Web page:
Michael Berry, Chiho Sawada, eds. Divided Lenses: Screen Memories of War in East Asia. Honolulu: University of Hawai'i Press, 2016. viii + 331 pp. $58.00 (cloth), ISBN 978-0-8248-5151-4.
Reviewed by Thomas Arnold (San Diego Mesa College)
Published on H-War (August, 2018)
Commissioned by Margaret Sankey (Air War College)
Beyond Hollywood: East Asian Cinema and Memories of War
For many people, the term “East Asian cinema” conjures up images of martial arts action flicks, Kurosawa epics, innovative Korean horror movies, or perhaps a classic animated movie from Hayao Miyazaki, like My Neighbor Totoro (1988). Movies about World War II, especially the Pacific theater, would not immediately spring to mind. Some might recognize Hollywood movies about the Pacific War such as From Here to Eternity with Burt Lancaster (1953), the much-lamented Pearl Harbor from 2001, or perhaps Clint Eastwood’s two films from opposite sides of the Battle of Iwo Jima, Flags of Our Fathers (2006) and Letters from Iwo Jima (2006). In Michael Berry and Chiho Sawada’s edited collection, Hollywood is only one small element in a comprehensive look at movies made about the wars in East Asia between 1931 and 1953. It is the second part (the first studied textbooks) of the “Divided Memories and Reconciliation” research project from the Walter H. Shorenstein Asia-Pacific Research Center (APARC) at Stanford. The main focus is on movies made in China, Korea, and Japan and their role in shaping historical memory in these countries. Given the rising influence of Asia in the culture and politics of today’s world, this collection is as timely as it is illuminating.
In his introduction, Berry outlines the collection’s eleven essays, which are grouped into two parts. The first part focuses on film industries in specific nations (Japan, Korea, China, the United States), with the second concentrating on specific issues including comfort women, the Nanjing Massacre, revisionist history, “pop culture diplomacy,” and gaming. Berry also outlines the role of media, especially cinema, in shaping and preserving memories of wartime and other historical events. Like the armies at Iwo Jima or Tarawa, different points of view strive to win the viewing public’s attention on the “battlefield” of cinema. He also provides a helpful sketch of current trends in Asian cinema and acknowledges the elements missing from the collection (North Korean films and documentaries, for example). There are many films to keep track of, so the listing at the end of the book is very helpful.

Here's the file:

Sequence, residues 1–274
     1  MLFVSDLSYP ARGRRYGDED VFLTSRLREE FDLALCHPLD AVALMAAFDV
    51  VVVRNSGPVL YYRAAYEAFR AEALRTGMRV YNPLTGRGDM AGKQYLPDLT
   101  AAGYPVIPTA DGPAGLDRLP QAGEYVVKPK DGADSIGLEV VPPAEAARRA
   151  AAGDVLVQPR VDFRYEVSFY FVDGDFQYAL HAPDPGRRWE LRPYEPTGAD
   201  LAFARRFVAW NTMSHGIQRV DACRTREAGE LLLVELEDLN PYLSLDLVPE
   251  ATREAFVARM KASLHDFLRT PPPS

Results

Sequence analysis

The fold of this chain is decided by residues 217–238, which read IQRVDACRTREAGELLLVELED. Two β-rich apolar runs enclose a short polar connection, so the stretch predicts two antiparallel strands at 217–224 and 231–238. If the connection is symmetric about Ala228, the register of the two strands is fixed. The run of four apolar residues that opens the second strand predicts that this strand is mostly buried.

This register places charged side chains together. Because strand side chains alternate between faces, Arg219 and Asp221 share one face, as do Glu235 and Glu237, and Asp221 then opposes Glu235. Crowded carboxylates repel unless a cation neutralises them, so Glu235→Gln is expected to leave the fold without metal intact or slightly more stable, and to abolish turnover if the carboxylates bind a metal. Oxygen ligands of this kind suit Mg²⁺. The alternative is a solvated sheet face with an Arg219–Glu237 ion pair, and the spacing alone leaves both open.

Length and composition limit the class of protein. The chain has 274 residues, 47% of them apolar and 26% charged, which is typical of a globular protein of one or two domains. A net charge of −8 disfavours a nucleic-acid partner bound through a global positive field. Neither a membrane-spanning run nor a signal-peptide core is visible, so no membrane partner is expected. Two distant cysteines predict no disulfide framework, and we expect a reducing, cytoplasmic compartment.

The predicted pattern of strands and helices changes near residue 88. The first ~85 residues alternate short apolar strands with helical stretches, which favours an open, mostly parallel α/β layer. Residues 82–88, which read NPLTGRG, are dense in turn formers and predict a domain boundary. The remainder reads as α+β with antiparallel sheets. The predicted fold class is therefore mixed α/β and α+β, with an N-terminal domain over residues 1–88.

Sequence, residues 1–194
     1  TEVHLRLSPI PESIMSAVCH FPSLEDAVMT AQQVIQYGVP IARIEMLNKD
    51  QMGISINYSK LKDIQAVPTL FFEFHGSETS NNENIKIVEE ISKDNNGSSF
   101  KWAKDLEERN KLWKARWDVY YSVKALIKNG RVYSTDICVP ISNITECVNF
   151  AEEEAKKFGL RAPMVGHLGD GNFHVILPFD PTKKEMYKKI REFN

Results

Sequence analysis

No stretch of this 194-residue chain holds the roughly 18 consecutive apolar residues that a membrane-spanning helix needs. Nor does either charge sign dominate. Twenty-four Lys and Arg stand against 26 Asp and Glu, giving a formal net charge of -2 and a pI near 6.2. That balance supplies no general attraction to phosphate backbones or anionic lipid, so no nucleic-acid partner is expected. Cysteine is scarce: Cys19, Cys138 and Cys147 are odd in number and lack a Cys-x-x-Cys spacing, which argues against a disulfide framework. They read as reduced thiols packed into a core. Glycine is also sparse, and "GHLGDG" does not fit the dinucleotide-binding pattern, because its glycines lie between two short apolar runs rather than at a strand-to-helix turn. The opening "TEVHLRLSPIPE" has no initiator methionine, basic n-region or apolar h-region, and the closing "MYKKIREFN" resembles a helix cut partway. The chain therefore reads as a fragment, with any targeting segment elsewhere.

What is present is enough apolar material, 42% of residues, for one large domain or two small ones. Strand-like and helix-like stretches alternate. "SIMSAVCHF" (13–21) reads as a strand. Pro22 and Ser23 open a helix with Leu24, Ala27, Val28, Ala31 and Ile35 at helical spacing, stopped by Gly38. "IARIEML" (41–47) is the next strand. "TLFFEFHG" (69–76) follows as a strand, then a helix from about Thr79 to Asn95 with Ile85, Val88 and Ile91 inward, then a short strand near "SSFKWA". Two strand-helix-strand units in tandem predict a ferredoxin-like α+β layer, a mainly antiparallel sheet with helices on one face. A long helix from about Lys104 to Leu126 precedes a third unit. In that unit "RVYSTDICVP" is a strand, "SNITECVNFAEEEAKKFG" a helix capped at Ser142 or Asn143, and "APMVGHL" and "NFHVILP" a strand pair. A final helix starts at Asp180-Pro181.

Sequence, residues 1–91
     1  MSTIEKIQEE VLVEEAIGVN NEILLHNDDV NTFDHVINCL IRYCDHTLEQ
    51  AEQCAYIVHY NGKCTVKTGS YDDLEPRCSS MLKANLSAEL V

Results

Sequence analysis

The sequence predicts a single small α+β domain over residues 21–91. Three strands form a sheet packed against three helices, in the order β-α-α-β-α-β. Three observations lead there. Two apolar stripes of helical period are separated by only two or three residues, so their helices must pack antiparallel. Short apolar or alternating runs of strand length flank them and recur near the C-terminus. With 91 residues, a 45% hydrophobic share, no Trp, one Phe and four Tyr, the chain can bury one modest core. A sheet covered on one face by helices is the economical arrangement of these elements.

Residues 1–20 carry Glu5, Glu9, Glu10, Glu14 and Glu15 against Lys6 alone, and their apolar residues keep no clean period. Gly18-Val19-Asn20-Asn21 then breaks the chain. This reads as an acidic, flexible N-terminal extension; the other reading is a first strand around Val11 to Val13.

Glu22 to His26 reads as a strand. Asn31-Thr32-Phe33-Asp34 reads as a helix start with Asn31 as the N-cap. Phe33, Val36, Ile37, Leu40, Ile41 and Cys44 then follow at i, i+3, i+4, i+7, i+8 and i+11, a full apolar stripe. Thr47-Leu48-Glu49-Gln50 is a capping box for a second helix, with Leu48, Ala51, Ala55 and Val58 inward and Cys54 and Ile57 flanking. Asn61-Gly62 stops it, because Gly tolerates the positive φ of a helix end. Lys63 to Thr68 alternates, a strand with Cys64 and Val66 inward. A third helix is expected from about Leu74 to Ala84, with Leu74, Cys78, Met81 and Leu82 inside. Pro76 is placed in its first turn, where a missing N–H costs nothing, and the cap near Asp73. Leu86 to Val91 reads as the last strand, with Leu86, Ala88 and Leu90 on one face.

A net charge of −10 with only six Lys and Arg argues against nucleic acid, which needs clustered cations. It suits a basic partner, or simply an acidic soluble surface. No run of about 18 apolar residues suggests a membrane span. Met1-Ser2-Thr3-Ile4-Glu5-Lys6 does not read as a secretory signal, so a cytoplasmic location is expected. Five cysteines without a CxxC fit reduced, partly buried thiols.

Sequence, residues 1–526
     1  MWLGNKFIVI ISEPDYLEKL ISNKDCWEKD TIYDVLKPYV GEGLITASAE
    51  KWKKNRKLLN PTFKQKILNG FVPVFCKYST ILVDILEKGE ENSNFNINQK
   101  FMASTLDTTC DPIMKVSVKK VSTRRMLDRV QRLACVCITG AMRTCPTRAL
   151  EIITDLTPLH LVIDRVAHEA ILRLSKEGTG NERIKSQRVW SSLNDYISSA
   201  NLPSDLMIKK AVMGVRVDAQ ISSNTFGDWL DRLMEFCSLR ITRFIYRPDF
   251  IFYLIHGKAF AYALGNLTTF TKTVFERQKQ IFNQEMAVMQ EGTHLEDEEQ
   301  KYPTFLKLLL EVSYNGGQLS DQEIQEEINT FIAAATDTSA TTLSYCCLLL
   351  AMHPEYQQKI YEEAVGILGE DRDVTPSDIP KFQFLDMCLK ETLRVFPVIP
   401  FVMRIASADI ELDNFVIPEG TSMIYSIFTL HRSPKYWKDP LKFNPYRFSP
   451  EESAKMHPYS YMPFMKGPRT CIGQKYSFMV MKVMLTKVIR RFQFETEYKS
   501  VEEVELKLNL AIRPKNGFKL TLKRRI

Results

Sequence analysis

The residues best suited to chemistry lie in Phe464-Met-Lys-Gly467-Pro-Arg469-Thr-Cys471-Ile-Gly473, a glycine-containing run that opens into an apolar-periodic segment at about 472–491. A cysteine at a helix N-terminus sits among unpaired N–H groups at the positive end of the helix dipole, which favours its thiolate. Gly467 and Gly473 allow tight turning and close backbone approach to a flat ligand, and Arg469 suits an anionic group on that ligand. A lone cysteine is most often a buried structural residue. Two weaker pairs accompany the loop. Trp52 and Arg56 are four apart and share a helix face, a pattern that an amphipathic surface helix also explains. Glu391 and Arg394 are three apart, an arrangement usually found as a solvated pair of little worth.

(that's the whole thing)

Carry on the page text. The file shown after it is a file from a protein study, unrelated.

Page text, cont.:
The first example of films as battleground is found in Yinjing Zhang’s “War, History and Remembrance in Chinese Cinema,” which covers events that occurred in the pre-Communist era (1911-49) and also includes films from Taiwan and Hong Kong. Zhang maps out the elements, importance, and impact of the “war films,” the main contenders in the arena of public memory. This includes movies from before and after the pre-Communist era, including such recent films as 2007’s Assembly, which has been called the Chinese Saving Private Ryan (1998). Changes in cinema are linked to social and political changes, for example, how the reform-minded policies of the 1980s gave way to the current repression of controversial ideas in China, which Zhang characterizes as moving “from dissent to consent” (p. 32). This comprehensive look at Chinese cinema fills a gap in scholarship and provides important insights into Chinese historical memory.
Wenchi Lin’s “Of Female Spies and National Heroes: A Brief History of Anti-Japanese Films in Taiwan from the 1950s to the 1970s” tells the story from the losing side of the Chinese civil war and also questions exactly what constitutes a “war film.” When such films appeared in the early 1960s, Lin argues, they focused on intrepid female spies, only later expressing anti-Japanese feelings. Just as in mainland China, Taiwan’s films changed with the political and diplomatic conditions. As Taiwan’s international situation worsened, films became more patriotic and heroic to improve national morale. As state sponsorship of the film industry faded, filmmakers were able to make more creative and controversial films.